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Aquarian Agrees to Acquire Pavonia Life of New York: Deals

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What You Need to Know

  • Aquarian is the parent of Investors Heritage Life.
  • Bain Capital says most big insurance deals involve parts of companies.
  • Bain says the percentage of deals involving private equity is smaller than thought.

The New York-based investment company that acquired Investors Heritage Life Insurance Company in 2017 is hoping to buy a life insurer based in New York state.

Aquarian Holdings, has agreed to acquire Pavonia Life Insurance Company of New York from a wholly owned U.S. subsidiary of Enstar Group Limited.

Enstar Group is a Hamilton, Bermuda-based company that acquires insurers and reinsurers that are servicing in-force coverage but no longer selling new coverage.

Pavonia Life of New York was founded in 1971 as America Republic Insurance Company of New York. The company has had many names and many owners over the years.

When Enstar acquired the company, in 2013, Pavonia Life of New York was known as First Central National Life Insurance Company of New York, and it was part of an insurance subsidiary of HSBC Holdings PLC, a London-based banking giant.

Pavonia Life of New York has its official state of domicile in New York and is licensed to write coverage in New York state and in Delaware, according to Aquarian.

Terms of the purchase were not disclosed.

Aquarian says it must get approval from the New York State Department of Financial Services before completing transaction.

Aquarian already owns Investors Heritage, which is based in Frankfort, Kentucky, and has made a mark for itself by expanding in the life and annuity markets at a time when many other insurers have been contracting.

Two months ago, Investors Heritage was licensed to sell coverage in 46 states, according to the announcement the company put out when it launched its new Canopy Preneed funeral, burial and cremation product line.

In other life, health and annuity market news:

Integrity Marketing Group and SeniorCare Benefits

Integrity Marketing Group LLC of Dallas, has acquired SeniorCare Benefits of Sunrise, Florida, for a price that was not disclosed.

Integrity Marketing is a private equity-owned insurance marketing organization that has been growing rapidly through acquisitions.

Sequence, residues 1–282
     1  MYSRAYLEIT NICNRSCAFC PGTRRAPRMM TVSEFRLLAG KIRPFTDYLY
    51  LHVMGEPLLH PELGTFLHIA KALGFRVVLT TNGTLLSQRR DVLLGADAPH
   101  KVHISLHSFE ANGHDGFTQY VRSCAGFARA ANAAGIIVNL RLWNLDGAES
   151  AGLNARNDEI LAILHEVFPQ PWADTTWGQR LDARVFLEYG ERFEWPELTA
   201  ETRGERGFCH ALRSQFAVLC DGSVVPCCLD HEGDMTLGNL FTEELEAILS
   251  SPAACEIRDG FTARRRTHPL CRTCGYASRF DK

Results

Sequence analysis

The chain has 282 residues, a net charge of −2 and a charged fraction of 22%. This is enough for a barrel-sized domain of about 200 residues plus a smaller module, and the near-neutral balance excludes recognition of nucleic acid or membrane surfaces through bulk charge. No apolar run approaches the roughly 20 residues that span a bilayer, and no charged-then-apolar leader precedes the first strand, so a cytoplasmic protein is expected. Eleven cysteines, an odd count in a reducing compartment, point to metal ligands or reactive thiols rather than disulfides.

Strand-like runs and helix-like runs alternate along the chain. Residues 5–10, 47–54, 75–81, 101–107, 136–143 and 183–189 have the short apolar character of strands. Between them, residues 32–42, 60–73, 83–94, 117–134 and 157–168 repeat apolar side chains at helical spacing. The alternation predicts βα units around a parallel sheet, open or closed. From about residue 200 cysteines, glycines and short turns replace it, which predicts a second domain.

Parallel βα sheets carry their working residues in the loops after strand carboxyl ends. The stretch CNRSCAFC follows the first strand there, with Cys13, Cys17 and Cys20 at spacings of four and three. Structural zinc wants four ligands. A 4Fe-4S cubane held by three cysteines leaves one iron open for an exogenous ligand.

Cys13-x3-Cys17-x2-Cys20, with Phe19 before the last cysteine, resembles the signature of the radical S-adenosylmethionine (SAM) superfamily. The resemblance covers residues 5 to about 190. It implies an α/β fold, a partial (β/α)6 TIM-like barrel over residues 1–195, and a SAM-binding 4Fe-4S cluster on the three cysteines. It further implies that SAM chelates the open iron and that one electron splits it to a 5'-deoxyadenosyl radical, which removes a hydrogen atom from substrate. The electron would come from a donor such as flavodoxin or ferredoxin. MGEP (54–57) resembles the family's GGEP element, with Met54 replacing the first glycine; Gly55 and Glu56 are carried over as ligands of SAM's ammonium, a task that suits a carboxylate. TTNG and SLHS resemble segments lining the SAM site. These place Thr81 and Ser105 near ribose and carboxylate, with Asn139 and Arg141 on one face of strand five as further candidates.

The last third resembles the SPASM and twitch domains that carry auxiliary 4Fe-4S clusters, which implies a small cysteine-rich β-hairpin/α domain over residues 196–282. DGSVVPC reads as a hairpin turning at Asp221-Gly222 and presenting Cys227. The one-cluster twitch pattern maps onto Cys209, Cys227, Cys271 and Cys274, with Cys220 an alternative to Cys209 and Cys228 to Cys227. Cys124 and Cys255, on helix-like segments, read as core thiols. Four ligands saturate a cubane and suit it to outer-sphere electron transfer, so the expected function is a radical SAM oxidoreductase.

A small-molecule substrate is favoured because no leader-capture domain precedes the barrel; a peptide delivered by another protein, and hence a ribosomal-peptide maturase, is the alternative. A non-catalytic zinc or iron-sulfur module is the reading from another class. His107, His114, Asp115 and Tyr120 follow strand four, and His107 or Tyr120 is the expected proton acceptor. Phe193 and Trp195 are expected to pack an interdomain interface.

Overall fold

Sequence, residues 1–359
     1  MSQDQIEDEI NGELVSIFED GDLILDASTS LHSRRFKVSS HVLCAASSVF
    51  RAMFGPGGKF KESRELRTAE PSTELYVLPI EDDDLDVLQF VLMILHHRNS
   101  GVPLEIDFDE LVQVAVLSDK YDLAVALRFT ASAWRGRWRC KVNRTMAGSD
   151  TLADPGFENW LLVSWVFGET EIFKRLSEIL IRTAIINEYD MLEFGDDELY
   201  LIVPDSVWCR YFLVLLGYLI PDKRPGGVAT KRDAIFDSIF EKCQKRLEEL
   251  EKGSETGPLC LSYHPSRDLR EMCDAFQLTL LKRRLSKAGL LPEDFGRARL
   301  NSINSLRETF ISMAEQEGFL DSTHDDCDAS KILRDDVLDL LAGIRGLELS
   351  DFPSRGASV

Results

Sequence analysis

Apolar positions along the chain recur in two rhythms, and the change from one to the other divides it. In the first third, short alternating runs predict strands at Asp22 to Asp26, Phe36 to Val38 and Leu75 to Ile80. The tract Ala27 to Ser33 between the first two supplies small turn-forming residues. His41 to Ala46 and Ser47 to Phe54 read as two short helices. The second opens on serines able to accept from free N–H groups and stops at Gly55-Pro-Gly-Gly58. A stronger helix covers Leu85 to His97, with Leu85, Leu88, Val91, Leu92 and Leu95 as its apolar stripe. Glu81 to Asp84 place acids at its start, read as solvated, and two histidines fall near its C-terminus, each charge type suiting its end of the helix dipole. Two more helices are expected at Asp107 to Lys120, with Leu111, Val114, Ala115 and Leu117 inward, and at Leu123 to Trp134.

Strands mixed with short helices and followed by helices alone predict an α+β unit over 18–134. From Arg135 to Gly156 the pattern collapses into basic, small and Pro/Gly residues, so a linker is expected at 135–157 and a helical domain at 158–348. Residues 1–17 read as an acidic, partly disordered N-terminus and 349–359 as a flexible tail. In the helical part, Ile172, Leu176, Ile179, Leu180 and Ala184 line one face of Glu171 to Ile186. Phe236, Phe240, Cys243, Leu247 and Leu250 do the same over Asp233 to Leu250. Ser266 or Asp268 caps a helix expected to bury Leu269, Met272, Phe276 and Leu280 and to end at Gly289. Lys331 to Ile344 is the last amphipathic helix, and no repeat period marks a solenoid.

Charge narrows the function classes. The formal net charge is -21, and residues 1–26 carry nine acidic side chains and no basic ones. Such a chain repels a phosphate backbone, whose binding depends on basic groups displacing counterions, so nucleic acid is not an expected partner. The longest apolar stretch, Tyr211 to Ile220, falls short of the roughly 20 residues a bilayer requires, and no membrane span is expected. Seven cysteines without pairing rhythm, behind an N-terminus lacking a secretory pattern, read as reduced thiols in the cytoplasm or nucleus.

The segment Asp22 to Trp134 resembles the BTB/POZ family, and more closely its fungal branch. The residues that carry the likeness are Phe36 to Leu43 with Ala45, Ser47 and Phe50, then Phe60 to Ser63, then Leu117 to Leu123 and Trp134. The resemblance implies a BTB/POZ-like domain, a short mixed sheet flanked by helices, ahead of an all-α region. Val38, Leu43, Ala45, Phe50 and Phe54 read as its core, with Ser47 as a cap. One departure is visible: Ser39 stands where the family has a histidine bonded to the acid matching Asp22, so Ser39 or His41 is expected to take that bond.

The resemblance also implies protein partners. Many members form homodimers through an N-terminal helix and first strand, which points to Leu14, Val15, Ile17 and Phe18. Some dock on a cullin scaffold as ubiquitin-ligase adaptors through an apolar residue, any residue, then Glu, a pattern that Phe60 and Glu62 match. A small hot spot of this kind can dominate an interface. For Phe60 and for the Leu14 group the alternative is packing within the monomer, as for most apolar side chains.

SeniorCare Benefits sells Medicare plans through 250 agents in contact centers.

Brent DePeppe, the CEO of SeniorCare Benefits,, will become a managing partner with Integrity Marketing, according to the firm.

Nationwide Refuels Venture Capital Fund

Nationwide said its venture capital investment fund now has a total value of $350 million, up from $100 million in 2017.

The Columbus, Ohio-based mutual insurer says it will continue to focus its investments on insurance technology and financial technology startups in six fields.

Four of the fields relate to property and casualty insurance, and a fifth involves “digital infrastructure,” or startups with an interest in insurance underwriting, data analytics and other products and services that make insurance machinery run.

The sixth field is “living in retirement,” including any products and services that “help consumers prepare for and live better in their next stage of life.”

Bain Sizes Up Insurance Deals

Analysts at Bain & Co. Inc. say the world’s insurers have been focusing more on selling unwanted operations in the past five years than on whole-company deals.

The Boston-based investment firm included the insurance mergers and acquisitions review in a new collection of M&A reports released Tuesday.

Only about 33% of the world insurance deals with a value over $1 billion that the analysts recorded in 2020 involved one company acquiring or merging with another whole company, the analysts found.

The other 67% of the 2020 deals, and about 70% of the big deals recorded since 2016, involved insurers disposing of non-core operations, the analysts write.

“Pressure on profit pools from low rates as well as increasingly complex capital requirements have forced them to take a more critical look at the ability of their business units to create sustainable value,” the analysts write.

Many insurers are buying more of the same kinds of operations they already have and value, the analysts write.

“Private equity firms,” or companies that buy stock in privately held companies, have been getting a great deal of attention as insurance business buyers.

Private equity investment accounted for a much bigger share of world insurance M&A deal volume in 2020 than in 2010, but it still accounted for just 14% of 2020 world insurance M&A deal volume, the analysts write.

“We expect private equity investors will continue to pursue capital-light businesses such as brokerages and tech providers as well as increase their appetite for runoff and core insurance businesses in which they can apply their investment expertise and their risk appetite, which generally is higher than more traditional player,” the analysts write.


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